Mawlid in History
Throughout history the celebrations connected with the anniversary of Prophet Muhammad's birth have been an important component in the religious and social life of Islamic countries; these incredibly colorful and elaborate ceremonies were held as demonstrations of political legitimacy or as an indication of religious identity and awareness.
The word Mawlid means "the place and time of birth", but in Islamic literature this term is used to indicate the birthday of Prophet Muhammad and the celebrations held in commemoration of this day, as well as indicating works written in commemoration of the Prophet's day of birth. Later the term Mawlid took on wider meanings in Sufi circles to encapsulate the birthdays of saints.
It is generally agreed that Prophet Muhammad was born in the year of the Elephant Incident, which occurred when the Abyssinian governor of Yemen, Abraha, attacked Mecca to destroy the Kaaba. Taking into account Arab traditions, this year falls in 569 AD, while it has also been calculated as 570 or 571. It is generally accepted that Prophet Muhammad was born on the 12th day of Rabia Awwal and was born during the day. There are sound hadiths that he was born on a Monday.
Prophet Muhammad never requested or ordered that the anniversary of his birth be celebrated in such a way when he was alive. There is no evidence of a Mawlid celebration during the time of the Four Righteous Caliphs or during the Umayyad or Abbasid eras. The time of the first two caliphs was marked by conquests, while that of the last two was overshadowed by internal conflict; conditions under the Umayyads and Abbasids were not appropriate for such a celebration, as it could have given rise to support for the descendants of Prophet Muhammad. When the Shi'ite Fatimid state was being established in Egypt, Muiz Lidinillah (362-365/972-975), started to officially celebrate the anniversary of Prophet Muhammad's birth with the claim that he was a descendant of Prophet Muhammad. In addition to this, the births of Ali, Fatima, Hasan, Hussein and the caliphs of the time, as well as the kandils (holy days) in the months of Rajab, Shaban and Ramadan, and the two ‘Eids were all celebrated with an impressive festival. However, these celebrations were held during the day and high-level officials participated; it can be understood that the people did not join in or enjoy the celebratory atmosphere in what was essentially a state ceremony. In particular, it is known that the Sunni majority did not participate in these activities.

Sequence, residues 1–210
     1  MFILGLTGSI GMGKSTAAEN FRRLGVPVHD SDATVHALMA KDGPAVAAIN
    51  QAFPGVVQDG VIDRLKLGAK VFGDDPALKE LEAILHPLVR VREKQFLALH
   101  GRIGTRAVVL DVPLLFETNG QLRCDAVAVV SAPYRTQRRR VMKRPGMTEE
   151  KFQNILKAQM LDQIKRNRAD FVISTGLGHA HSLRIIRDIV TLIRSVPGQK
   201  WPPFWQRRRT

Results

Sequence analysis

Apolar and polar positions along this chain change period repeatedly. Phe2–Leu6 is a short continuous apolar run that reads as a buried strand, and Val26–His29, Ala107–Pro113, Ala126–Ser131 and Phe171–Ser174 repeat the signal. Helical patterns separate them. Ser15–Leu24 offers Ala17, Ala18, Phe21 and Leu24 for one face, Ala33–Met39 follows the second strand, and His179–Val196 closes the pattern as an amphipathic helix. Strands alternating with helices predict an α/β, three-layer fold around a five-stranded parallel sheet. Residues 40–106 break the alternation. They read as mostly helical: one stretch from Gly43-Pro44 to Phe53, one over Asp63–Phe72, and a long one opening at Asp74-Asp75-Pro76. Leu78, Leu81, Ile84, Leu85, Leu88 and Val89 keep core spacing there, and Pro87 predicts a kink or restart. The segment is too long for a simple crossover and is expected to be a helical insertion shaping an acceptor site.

During the time of the Fatimids the celebrations of the births of Prophet Muhammad and the members of his family took on importance as a form of political legitimization. Efdal, one of the Fatimid viziers, during the reign of caliph Musta'li Billah (487-495/1094/1101), forbade four mawlids, allowing only those of Hasan and Hussein. However, after Efdal died the new vizier began the ceremonies again.
During the time of the Ayyubids (1171-1462) many holidays and ceremonies were eliminated and not much attention was paid to the Mawlid; it can be understood that the people celebrated this occasion at home. However, it is known the brother-in-law of Salahaddin-i Ayyubi, Begteginli Muzafferuddin Kokbori (586-629/1190-1232), who was a well-known philanthropist, celebrated the Prophet's Mawlid. This celebration was not only prepared for in a way that differed from that of the Fatimids, but the preparations were spread over a long time and the role of the members of Sufi orders was brought to the fore.
The Andalusian traveler Ibn Jubair tells us that when he came to Mecca in 579 (1183) the house in which the Prophet was born had been opened for visiting and the people went there to celebrate the day.
During the Mamluk period (648-922/1250-1517) the celebrations of the Mawlid continued in Egypt in all their magnificence. The Mawlid tradition in the Ayyubi and Mamluk periods was not only an indication that these regimes had inherited power from the Fatimids, but it was also necessary as a means of identification for the Muslim people who were facing attacks by Mongol hordes and Crusaders.
From the Mamluk period on the term mawlid began to be used for celebrations for all leading personalities, staring with the saints. A significant proportion of these mawlid celebrations marked the death of the saint rather than his birth.
While earlier there had been no tradition of Mawlid celebrations in North Africa, Abu'l Abbas Ahmed b. Muhammad b. Hussein as-Sabti al Azafi (d. 633-1236), a sheikh, judge and scholar, began to introduce the Mawlid in order to prevent the celebration of Christian holidays by Muslims. With time this practice became widespread in North Africa and Andalusia, and the rulers and administrators gave great importance to the celebrations of the Mawlid.
It is known that not although the ceremony held in 966 (1588) by the Ottoman sultan Murad III was the beginning of the official Mawlid celebrations, such occasions had been marked in the Ottoman Empire before this time, although not officially, and Suleyman Chelebi's famous Mawlid poem was written in 812 (1409). At the official celebrations held in the Blue Mosque the sultan, the grand vizier, the sheikh-ul-Islam, the viziers, the military judges for Thrace and Asia Minor, other civilian and military officials and scholars were present in their official garments. After sermons were read by the sheikhs of Haghia Sofia, the Blue Mosque and other sheikhs the Mawlid poem would be read; at this time sherbet and incense was distributed among the congregation and those who had fulfilled a duty in the celebrations were given a robe of honor and gifts. In general, the Mawlid ceremonies that were first held at the Blue Mosque were later carried out at the Beyazıt Mosque, the Nusretiye Mosque, the Beylerbeyi Mosque, the Hamidiye Mosque and other mosques. From the time of the Tanzimat on, the earlier protocol regulations were followed, but there were some changes. The entrance and exit of the sultan to the mosque was accompanied by a military parade, the minarets, palaces and other official buildings were illuminated, cannons were fired from the artillery and ships five times, and there were other innovations. From 1910 on the Mawlid was promulgated as an official holiday of the Ottoman Empire, but after the declaration of the Republic it was abrogated.